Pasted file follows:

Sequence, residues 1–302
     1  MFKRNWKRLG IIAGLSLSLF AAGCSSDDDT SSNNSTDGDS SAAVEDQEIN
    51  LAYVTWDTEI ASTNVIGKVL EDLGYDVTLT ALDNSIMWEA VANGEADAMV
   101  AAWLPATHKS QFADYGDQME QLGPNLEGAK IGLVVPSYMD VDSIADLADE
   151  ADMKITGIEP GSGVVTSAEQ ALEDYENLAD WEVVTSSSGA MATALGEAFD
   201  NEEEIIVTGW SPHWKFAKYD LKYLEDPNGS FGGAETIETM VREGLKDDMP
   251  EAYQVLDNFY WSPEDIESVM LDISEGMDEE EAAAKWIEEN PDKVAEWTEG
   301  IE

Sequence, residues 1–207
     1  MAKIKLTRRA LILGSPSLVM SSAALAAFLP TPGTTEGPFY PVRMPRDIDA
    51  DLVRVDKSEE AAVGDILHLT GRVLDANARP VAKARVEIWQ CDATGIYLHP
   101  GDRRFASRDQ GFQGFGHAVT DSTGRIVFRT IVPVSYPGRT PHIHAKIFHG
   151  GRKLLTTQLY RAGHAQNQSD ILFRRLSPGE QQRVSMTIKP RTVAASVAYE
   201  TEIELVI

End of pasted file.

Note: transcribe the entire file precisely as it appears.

Sequence, residues 1–302
     1  MFKRNWKRLG IIAGLSLSLF AAGCSSDDDT SSNNSTDGDS SAAVEDQEIN
    51  LAYVTWDTEI ASTNVIGKVL EDLGYDVTLT ALDNSIMWEA VANGEADAMV
   101  AAWLPATHKS QFADYGDQME QLGPNLEGAK IGLVVPSYMD VDSIADLADE
   151  ADMKITGIEP GSGVVTSAEQ ALEDYENLAD WEVVTSSSGA MATALGEAFD
   201  NEEEIIVTGW SPHWKFAKYD LKYLEDPNGS FGGAETIETM VREGLKDDMP
   251  EAYQVLDNFY WSPEDIESVM LDISEGMDEE EAAAKWIEEN PDKVAEWTEG
   301  IE

Sequence, residues 1–207
     1  MAKIKLTRRA LILGSPSLVM SSAALAAFLP TPGTTEGPFY PVRMPRDIDA
    51  DLVRVDKSEE AAVGDILHLT GRVLDANARP VAKARVEIWQ CDATGIYLHP
   101  GDRRFASRDQ GFQGFGHAVT DSTGRIVFRT IVPVSYPGRT PHIHAKIFHG
   151  GRKLLTTQLY RAGHAQNQSD ILFRRLSPGE QQRVSMTIKP RTVAASVAYE
   201  TEIELVI